JOHN MAYER: (Singing) Magnolia, you sweet thing. You're driving me mad. Got to get back to you, babe. You're the best I ever had.

CLAPTON: Initially, actually, the first person I asked was Don White. And I'd never met Don White until the funeral. And he introduced himself to me and said I'd like to say hello. I'm the guy that gave John his first job. And it turned out that J.J. played in his band. And I was really impressed with this guy - he was a gentleman, you know? And I said well, I'd like - if it's OK, I'm going to do this album and I was going to sing it all myself. But now - would you like to come and sing a couple of songs? And he said yes. And that began the whole thing, you know.


DON WHITE: (Singing) The goal is never what it is. The goal will never be. The light stays dim a long time now, it's hard for you to see. Talk about the pathway way beyond your side. Another time, another mind that is the way of life. Train that goes to nowhere.

WESTERVELT: You recorded the album "The Road To Escondido" with him in 2006. What will you remember from those sessions now that J.J.'s gone?

CLAPTON: Well, his extraordinary sense of humor, his skill, his tenacity. He was a pretty social guy, actually. I mean, you know, the word out about J.J. was that - you know - that if you didn't know anything about him, that he was reclusive and shy. In fact, he was pretty gregarious character. He just liked to make music and he liked to do it in his own way. And so - but if you got him to do it in the company of his friends and with other musicians, he liked to have fun. So, you know, I remember those sessions as being extremely lively and funny and it's a treasure to me. It's a great memory.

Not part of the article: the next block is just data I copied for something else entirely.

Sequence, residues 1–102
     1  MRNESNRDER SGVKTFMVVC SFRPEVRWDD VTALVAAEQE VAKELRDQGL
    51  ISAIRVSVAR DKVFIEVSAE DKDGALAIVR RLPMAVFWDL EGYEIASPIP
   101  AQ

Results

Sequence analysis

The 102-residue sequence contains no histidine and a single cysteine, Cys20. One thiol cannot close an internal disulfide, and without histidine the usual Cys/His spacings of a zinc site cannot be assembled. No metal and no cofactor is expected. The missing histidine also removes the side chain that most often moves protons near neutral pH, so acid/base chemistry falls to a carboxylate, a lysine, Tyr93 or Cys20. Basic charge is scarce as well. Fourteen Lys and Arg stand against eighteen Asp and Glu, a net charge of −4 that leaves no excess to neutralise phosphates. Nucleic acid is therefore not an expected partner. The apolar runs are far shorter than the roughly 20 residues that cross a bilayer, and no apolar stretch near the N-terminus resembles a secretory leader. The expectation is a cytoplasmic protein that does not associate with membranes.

WESTERVELT: You're the only artist to be inducted into the Rock & Roll Hall of Fame three different times. And so far, J.J. Cale is not an inductee. I mean, do you think this is a painful oversight that needs to be changed?

CLAPTON: Yeah, I do. I would say it was a little bit careless, maybe, that it's in the pipeline. But it's a shame that it would happen posthumously I think. I regard him as, you know, one of the roots of the tree in American folklore. He was my idol. And that, you know, you want - I suppose when we're fans of people, we want other people to recognize them too.


MAYER: (Singing) You said you loved me, I can see through that. Lies, lies, lies.

WESTERVELT: That's Eric Clapton. His new triple tribute album's called "The Breeze: An Appreciation Of J.J. Cale." Mr. Clapton, thank you so much for all you've done. It's been a real privilege speaking with you.

CLAPTON: Thanks very much, man. Take care.


MAYER: (Singing) You said you loved me, and then you left me. What you did to me, I can see it in your eyes. Lies, lies, lies.